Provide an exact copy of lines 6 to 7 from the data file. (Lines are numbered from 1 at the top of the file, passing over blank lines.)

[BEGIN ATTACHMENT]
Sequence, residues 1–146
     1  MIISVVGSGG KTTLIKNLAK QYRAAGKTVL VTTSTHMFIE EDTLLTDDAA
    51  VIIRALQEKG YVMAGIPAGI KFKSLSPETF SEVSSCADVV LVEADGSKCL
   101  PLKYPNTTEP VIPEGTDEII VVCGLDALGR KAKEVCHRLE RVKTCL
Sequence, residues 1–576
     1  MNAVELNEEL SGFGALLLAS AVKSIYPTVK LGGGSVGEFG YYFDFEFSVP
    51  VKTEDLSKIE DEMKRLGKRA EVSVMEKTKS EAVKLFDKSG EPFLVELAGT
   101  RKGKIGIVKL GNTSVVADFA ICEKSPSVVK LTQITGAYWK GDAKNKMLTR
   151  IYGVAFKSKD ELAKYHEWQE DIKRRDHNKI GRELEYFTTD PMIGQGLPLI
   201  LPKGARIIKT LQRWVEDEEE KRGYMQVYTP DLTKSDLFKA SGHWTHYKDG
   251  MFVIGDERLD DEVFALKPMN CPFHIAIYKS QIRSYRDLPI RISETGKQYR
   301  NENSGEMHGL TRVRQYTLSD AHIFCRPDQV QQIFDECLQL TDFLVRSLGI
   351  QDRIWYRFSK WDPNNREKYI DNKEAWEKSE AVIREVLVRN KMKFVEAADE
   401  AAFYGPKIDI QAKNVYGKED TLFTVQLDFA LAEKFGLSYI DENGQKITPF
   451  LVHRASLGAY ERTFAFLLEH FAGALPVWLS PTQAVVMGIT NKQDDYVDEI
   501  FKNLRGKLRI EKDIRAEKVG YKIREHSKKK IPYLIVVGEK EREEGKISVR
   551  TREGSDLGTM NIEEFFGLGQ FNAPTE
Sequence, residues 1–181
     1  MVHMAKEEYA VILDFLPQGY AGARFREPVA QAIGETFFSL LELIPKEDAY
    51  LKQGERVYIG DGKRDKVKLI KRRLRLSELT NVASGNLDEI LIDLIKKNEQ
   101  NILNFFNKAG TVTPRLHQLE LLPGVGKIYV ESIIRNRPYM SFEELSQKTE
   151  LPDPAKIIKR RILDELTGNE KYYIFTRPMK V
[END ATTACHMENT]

     1  MNAVELNEEL SGFGALLLAS AVKSIYPTVK LGGGSVGEFG YYFDFEFSVP
    51  VKTEDLSKIE DEMKRLGKRA EVSVMEKTKS EAVKLFDKSG EPFLVELAGT